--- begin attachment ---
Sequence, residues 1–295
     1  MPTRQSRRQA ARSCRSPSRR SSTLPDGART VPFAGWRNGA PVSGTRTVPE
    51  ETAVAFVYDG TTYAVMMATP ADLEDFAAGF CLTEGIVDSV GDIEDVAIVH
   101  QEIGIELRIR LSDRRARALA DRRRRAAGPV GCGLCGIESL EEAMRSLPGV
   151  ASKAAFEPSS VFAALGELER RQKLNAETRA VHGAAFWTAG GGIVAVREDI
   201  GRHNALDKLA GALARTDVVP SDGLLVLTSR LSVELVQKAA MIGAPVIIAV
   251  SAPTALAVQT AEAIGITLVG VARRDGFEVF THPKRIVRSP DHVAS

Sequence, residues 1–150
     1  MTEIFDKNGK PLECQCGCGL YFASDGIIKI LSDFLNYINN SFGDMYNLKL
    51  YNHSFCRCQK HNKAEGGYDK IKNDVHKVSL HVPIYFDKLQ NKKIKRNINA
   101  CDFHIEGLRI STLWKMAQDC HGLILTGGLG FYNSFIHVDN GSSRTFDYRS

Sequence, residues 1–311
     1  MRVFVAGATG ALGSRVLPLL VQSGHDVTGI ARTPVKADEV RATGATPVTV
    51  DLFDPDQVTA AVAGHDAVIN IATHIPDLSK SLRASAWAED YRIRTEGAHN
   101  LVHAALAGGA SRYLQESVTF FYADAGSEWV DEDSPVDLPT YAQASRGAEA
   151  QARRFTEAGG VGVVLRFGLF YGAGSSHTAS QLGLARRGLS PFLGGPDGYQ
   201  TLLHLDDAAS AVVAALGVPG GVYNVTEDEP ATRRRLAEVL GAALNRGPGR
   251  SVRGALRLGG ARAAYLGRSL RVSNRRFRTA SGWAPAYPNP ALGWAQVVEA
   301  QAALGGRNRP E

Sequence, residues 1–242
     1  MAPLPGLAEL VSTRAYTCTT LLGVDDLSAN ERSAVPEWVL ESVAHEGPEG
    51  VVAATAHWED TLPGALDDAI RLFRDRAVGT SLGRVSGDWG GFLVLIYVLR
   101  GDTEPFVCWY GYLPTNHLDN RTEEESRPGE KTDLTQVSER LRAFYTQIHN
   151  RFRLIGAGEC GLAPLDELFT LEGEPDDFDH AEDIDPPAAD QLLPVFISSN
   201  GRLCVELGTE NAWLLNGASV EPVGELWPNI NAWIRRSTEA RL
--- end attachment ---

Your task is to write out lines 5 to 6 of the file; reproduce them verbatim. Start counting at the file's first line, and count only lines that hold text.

   151  ASKAAFEPSS VFAALGELER RQKLNAETRA VHGAAFWTAG GGIVAVREDI
   201  GRHNALDKLA GALARTDVVP SDGLLVLTSR LSVELVQKAA MIGAPVIIAV